It’s time again for Six Degrees of Separation, a monthly link-up hosted by Kate at Books Are My Favourite and Best. Each month a book is chosen as a starting point and linked to six other books to form a chain. A book doesn’t need to be connected to all the other books on the list, only to the one next to it in the chain.
The starting book this month is Trust by Hernan Diaz, described as a sweeping, unpredictable novel about power, wealth and truth, told by four unique, interlocking voices and set against the backdrop of turbulent 1920s New York. I haven’t read this but it does appeal to me.
My First link is to another book set in the 1920s, The Winding Road by Cynthia Harrod-Eagles, a big hardback of 662 pages, that I bought in a library book sale. There are 35 books in the Morland Dynasty series and I haven’t read any of them. This is the 34th book in the series, so I am hoping it will read well as a standalone. The Jazz Age is in full swing in New York, the General Strike is underway in London, the shadows are gathering over Europe and the Wall Street Crash brings the decade to an end.
My Second Link is also a book I bought in a library book sale, Dark Matter by Philip Kerr, subtitled The Private Life of Sir Isaac Newton. This is historical crime fiction, set in 1696 when Newton was the Warden of the Royal Mint at the Tower of London hunting down counterfeiters during the period of the Recoinage of the currency, when fake gold coins were being forged.
My Third Link is to The Redemption of Alezander Seaton by S G Mclean another book set in the 17th century, not in London, but in Scotland, mainly in the town of Banff. It’s a story of murder and cruelty, but also of love and the power of good over evil, as Alexander Seaton, a schoolteacher, sets out to prove the innocence of his friend Charles Thom, accused of murder.
The author originally wrote under her name – Shona Maclean, but now her books are published under the truncated name, S G MacLean. Another author who has also changed her published name, but the other way round, going from a truncated name to her full first name is Sharon Bolton who formerly wrote as S J Bolton.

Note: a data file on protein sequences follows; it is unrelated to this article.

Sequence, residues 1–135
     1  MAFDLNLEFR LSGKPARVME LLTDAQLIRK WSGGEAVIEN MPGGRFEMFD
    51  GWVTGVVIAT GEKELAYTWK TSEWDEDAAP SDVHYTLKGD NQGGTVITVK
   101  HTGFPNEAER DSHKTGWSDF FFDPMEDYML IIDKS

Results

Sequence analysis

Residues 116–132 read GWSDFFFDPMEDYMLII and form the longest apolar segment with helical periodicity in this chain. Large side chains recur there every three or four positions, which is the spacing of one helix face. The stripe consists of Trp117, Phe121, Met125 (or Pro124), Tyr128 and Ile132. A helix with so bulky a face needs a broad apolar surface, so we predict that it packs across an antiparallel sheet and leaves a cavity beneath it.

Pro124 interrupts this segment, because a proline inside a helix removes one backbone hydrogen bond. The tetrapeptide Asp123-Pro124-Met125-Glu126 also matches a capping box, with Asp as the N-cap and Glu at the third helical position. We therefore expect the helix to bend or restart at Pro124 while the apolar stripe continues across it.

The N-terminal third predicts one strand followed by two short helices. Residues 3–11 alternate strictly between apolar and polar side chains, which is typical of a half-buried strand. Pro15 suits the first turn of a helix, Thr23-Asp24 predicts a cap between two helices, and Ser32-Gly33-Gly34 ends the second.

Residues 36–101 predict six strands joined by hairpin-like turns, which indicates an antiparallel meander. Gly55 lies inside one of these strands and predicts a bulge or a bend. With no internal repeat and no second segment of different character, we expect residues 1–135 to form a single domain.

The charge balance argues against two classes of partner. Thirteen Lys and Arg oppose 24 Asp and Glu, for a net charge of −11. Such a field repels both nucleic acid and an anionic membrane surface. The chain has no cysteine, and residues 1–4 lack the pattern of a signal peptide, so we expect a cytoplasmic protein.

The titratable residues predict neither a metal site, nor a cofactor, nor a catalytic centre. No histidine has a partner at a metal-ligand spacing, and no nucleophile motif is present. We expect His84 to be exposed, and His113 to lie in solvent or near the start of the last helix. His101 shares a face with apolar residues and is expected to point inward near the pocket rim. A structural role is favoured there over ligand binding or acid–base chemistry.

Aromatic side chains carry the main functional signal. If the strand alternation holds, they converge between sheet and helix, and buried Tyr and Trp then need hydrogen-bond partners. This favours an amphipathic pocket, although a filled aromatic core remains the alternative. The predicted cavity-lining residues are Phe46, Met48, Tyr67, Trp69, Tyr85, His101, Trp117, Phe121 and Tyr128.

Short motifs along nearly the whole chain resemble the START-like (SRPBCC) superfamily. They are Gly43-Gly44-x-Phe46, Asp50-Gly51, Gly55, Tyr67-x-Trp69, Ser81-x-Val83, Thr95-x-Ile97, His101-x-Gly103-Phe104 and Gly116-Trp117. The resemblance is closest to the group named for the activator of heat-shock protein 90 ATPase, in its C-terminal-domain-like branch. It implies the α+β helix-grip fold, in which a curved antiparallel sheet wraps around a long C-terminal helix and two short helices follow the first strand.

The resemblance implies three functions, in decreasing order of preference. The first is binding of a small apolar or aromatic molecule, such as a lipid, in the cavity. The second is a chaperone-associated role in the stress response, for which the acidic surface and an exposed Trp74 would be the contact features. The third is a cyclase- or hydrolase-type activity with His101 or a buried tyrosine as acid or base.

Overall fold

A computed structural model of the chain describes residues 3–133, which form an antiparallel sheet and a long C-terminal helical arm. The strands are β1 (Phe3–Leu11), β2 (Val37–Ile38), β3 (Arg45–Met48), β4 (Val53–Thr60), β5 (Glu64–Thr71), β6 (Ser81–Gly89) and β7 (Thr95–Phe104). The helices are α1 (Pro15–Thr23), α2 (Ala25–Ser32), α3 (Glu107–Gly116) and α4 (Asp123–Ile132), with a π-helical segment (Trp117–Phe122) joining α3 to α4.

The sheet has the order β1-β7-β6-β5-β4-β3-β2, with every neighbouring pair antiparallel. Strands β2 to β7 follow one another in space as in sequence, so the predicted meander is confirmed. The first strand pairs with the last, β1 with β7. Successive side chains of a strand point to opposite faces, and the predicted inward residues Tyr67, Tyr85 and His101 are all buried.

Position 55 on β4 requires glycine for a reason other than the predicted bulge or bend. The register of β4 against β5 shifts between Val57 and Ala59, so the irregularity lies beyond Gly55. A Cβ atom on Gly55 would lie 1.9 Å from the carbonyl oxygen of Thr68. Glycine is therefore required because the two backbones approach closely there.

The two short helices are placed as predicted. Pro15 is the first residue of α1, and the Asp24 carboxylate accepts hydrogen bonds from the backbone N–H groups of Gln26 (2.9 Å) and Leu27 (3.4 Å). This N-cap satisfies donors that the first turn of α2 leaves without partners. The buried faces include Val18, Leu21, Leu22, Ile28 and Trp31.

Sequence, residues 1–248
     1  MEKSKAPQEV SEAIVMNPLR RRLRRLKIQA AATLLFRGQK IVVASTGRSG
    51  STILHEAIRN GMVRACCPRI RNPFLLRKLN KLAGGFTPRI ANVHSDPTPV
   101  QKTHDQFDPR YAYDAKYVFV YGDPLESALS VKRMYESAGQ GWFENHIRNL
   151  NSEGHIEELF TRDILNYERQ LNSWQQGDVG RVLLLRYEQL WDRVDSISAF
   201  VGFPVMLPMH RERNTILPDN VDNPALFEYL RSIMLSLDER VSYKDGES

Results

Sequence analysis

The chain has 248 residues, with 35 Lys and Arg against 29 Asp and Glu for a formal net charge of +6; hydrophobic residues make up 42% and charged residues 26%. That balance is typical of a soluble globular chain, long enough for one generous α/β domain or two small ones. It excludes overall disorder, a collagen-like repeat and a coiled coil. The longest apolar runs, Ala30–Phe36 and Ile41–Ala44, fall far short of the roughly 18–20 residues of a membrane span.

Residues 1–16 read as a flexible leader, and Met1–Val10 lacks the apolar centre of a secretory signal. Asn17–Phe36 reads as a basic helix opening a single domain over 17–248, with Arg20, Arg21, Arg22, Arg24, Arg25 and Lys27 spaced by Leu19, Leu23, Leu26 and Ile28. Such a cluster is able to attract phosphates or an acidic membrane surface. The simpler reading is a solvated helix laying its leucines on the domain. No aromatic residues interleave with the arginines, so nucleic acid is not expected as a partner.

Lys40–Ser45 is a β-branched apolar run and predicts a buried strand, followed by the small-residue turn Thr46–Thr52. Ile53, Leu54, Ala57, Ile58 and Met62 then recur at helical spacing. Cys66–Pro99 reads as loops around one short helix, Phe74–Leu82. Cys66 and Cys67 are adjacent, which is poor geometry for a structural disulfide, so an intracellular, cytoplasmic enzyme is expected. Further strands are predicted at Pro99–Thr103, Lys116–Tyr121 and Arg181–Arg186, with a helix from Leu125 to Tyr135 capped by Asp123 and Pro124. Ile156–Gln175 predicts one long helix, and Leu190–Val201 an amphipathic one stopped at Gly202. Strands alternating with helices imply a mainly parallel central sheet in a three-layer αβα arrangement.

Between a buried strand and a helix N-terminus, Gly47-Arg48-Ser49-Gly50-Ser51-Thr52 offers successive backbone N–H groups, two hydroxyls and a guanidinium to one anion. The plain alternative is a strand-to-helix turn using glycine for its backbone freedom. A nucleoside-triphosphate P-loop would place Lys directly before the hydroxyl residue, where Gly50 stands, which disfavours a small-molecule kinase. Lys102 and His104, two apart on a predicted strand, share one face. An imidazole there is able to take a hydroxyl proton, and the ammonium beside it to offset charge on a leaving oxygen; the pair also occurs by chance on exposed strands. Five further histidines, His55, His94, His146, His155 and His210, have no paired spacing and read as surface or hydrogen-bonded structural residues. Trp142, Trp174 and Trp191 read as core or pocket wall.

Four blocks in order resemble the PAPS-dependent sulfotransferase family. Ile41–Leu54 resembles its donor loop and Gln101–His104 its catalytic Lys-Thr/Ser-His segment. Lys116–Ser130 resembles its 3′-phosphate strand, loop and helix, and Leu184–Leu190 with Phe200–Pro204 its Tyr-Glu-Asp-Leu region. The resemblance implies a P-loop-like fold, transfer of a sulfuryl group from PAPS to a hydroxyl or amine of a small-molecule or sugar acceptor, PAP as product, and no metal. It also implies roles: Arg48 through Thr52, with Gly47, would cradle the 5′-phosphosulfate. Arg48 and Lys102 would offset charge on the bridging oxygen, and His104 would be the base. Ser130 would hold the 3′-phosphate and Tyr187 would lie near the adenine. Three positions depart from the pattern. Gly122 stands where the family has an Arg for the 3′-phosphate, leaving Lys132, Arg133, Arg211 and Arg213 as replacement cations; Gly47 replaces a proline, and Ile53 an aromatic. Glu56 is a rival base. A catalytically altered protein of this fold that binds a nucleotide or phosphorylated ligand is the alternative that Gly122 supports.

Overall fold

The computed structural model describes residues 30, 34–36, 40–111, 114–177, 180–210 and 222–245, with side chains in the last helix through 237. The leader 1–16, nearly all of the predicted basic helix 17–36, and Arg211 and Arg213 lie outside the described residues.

And so my Fourth Link is to Sharon Bolton’s Blood Harvest, which was originally published under the name S J Bolton. It’s a dark, scary book and one that I found disturbing, but thoroughly absorbing, It’s a modern Gothic tale about the Fletchers who have just moved into a new house, but someone seems to be trying to drive them away – at first with silly pranks but then with threats that become increasingly dangerous. It’s full of tension, terror and suspense and I was in several minds before the end as to what it was all about.
I read Blood Harvest in September 2011. My Fifth Link is another book I read that month, Taken at the Flood by Agatha Christie. It’s a baffling case for Poirot when he is asked to investigate the death of Enoch Arden, found dead in his room at the local inn. There isn’t a flood in this book – the title is from Shakespeare, as Poirot explains: “There is a tide in the affairs of men which taken at its flood leads on to fortune …” Someone acted on that, Superintendent. To seize opportunity and turn it to one’s own ends – and that has been triumphantly accomplished…’
But there is a flood in my Sixth Link, The Betrayal of Trust by Susan Hill, the 6th in the Simon Serrailler series. Simon investigates a cold case, that of a teenager missing for 16 years. After flooding causes a landslip on the Moor her body comes to the surface together with that of an unknown female found in a shallow grave nearby. But the police investigations are not the main subject of this book. It focuses on the problems of ageing, hospice care, Motor Neurone Disease, assisted suicide, Parkinson’s Disease and Alzheimer’s Disease. A lot to cope with all at once and at times I found The Betrayal of Trust a deeply depressing book.
My chain is a full circle that going from Trust to The Betrayal of Trust and from the 1920s, passing through the 17th century to the 20th century, and from historical fiction to crime fiction.
Next month (4, March 2023), we’ll start with a book that was a best-selling self-help title in the seventies – Passages by Gail Sheehy. I have never heard of this book before.
7 thoughts on “Six Degrees of Separation from Trust to The Betrayal of Trust”
A clever chain, from which I’m most instantly attracted to links 2 & 3 – so they’ll go on my TBR list.
I only know Philip Kerr from his Bernie Gunther series but I like the sound of Dark Matter
Always pleased to see Christie in a chain!
These are really clever links, Margaret! And I’m glad you’ve been able to find some good books at your library’s sale. I’m happy to see Bolton, MacLean, and Kerr here; I like their writing very much. And, of course, Agatha Christie…
I like the sound of the Philip Kerr – I didn’t know he’d written historical fiction.
Great links. The Redemption of Alexander Seaton has been on my TBR for years – I must try to read it soon! I love Sharon Bolton too and Blood Harvest is one of the few books of hers that I still haven’t read.
I liked your journey from Trust to Betrayal of Trust – darn clever! and some of the connections weren’t obvious, which I really appreciate!
Terrie @ Bookshelf Journeys